Last week’s poll: Carillion collapse

The collapse of Carillion raises many questions, including those surrounding the viability of public-private initiatives and the government’s apparent failure to practice effective due diligence before awarding contracts.

Carillion

Before it went into liquidation on January 15, 2018, Carillion was one of the government’s biggest private contractors. In the UK alone it could count 20,000 staff working on construction projects and delivering services to UK schools, prisons, hospitals and the MoD.

In 2017 Carillion issued three profit warnings but was still awarded contracts worth £1.3bn to build key sections of the planned HS2 network.

The subsequent collapse of the company now raises questions about the delivery of key construction projects and maintenance of critical infrastructure.

In the near term, the company’s official receiver says employees, agents and subcontractors should continue to work on public services, offering reassurances that they will be paid. The situation isn’t as clear cut for those employees working on private contracts, although some suggest that work undertaken in consortium could see Carillion employees absorbed into partner companies.

The current predicament is compounded further down the supply chain where around 30,000 individual firms are owed money by Carillion.

Carillion

Of the 779 respondents to the poll, nearly half (45 per cent) agreed that the situation with Carillion arose because of the government’s lack of due diligence. Just under a third (31 per cent) thought the situation should prompt a new approach to privatisation, and 13 per cent agreed that the Carillion’s collapse marks a death-knell for the privatisation of public services. The remaining 11 per cent chose the ‘none of the above’ option.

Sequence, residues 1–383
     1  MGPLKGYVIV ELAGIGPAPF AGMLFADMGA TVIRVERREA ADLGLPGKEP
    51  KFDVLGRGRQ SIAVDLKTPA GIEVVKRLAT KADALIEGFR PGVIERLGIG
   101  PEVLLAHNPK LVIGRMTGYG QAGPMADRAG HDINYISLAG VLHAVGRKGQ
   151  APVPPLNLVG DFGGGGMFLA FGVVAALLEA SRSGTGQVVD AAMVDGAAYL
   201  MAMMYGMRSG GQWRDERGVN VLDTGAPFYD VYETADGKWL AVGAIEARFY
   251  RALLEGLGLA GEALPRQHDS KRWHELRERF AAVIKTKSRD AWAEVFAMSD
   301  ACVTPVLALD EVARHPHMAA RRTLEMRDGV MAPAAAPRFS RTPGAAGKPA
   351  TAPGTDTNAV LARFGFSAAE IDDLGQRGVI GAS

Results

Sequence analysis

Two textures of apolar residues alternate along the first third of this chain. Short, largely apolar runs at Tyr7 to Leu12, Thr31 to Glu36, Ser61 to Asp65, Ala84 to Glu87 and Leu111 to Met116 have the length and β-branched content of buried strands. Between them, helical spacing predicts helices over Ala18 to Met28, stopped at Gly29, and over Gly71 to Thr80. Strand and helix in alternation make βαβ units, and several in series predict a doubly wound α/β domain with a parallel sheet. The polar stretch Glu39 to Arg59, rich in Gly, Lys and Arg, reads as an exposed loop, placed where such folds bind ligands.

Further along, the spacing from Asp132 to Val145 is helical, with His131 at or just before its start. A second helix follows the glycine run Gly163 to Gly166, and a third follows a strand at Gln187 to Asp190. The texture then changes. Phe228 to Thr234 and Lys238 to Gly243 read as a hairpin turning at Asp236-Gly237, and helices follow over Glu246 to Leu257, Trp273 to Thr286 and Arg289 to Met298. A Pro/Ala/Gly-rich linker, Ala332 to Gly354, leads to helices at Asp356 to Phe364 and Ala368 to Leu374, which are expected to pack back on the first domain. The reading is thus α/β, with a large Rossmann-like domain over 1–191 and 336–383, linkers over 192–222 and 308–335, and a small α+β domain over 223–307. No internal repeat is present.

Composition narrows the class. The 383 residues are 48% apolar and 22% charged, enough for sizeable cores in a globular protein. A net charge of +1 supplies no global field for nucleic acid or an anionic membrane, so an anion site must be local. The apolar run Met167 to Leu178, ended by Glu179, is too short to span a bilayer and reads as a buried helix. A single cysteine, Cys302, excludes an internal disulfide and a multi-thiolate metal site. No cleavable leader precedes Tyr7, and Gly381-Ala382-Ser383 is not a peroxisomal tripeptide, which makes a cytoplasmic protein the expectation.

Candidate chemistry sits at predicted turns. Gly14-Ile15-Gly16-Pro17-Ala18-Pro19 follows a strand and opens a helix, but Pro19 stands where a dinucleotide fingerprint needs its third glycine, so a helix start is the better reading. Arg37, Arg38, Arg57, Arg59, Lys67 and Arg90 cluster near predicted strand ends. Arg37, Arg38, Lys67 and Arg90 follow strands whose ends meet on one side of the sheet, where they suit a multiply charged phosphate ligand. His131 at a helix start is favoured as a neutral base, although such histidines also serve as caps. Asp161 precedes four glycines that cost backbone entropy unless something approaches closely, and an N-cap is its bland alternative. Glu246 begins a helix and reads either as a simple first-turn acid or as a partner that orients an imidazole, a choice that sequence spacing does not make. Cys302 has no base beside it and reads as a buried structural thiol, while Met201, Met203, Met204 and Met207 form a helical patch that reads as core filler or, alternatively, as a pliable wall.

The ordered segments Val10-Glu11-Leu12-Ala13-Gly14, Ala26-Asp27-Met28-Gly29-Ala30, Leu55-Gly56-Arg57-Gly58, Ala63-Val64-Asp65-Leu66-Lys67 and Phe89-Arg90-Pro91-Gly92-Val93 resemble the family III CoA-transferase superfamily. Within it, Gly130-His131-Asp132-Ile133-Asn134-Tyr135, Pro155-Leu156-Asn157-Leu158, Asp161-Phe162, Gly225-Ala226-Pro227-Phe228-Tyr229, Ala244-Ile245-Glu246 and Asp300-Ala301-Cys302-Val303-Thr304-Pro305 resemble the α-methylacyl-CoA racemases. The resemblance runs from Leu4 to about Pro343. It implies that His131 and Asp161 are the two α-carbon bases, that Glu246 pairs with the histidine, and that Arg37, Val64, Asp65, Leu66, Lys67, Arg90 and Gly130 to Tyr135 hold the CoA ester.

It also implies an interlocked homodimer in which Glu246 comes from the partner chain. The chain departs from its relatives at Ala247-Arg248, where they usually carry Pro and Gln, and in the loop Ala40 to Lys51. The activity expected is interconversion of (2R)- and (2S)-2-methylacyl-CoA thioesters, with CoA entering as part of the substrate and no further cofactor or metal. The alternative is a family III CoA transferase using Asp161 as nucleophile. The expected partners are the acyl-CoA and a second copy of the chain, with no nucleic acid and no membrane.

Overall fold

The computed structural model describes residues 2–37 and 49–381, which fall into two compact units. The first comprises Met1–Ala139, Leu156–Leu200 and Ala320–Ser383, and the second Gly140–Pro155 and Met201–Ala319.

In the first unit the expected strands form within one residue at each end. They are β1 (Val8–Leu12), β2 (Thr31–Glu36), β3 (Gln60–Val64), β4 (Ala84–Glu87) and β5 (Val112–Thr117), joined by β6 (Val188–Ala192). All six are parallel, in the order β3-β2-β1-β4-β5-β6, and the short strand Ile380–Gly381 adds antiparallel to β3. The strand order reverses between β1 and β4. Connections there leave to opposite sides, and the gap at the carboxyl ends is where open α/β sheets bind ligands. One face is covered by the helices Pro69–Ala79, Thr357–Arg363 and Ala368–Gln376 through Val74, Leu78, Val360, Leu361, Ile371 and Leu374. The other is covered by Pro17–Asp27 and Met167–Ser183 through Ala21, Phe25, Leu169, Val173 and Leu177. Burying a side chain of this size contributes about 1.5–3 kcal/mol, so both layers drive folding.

The debate that followed put management and the machinery of government in the firing line, with Steve Coley stating: ‘Well if this is anything like the banking crisis no-one will be held to account and the inept management will go unpunished and no recovery of undeserved dividends and bonuses. How does something like this happen? Simple the White Hall pencil necks who dish out the contracts haven’t got a clue and they should shoulder some of the responsibility and should be sacked.’

Phil Mortimer added: ‘This is another example of the monumental incompetence and ineptitude that permeates all levels of government and associated agencies. It is rampant, endemic and at industrial/weapons-grade strength. The expectation that directors and related mandarins will fall on their swords is probably ill-founded. Something needs to be done to reform the whole rotten system.’

Ian concludes by saying: ‘We all have views on civil servants being tasked with the role of senior buyers (which includes Due Diligence checks). If they could do the job they wouldn’t have become pen-pushing civil servants in the first place. As for the political aspect, we all know that this was partly driven by those in power and the mantra ‘competition always makes everything good’. Well, it doesn’t. But the alternative is leaving everything to civil servants. One thing nobody seems to have mentioned is the bonuses paid to executives within Carillion. Bonuses for what – profit warnings and losses?’

What do you think about the crisis at Carillion? Let us know via comments below.

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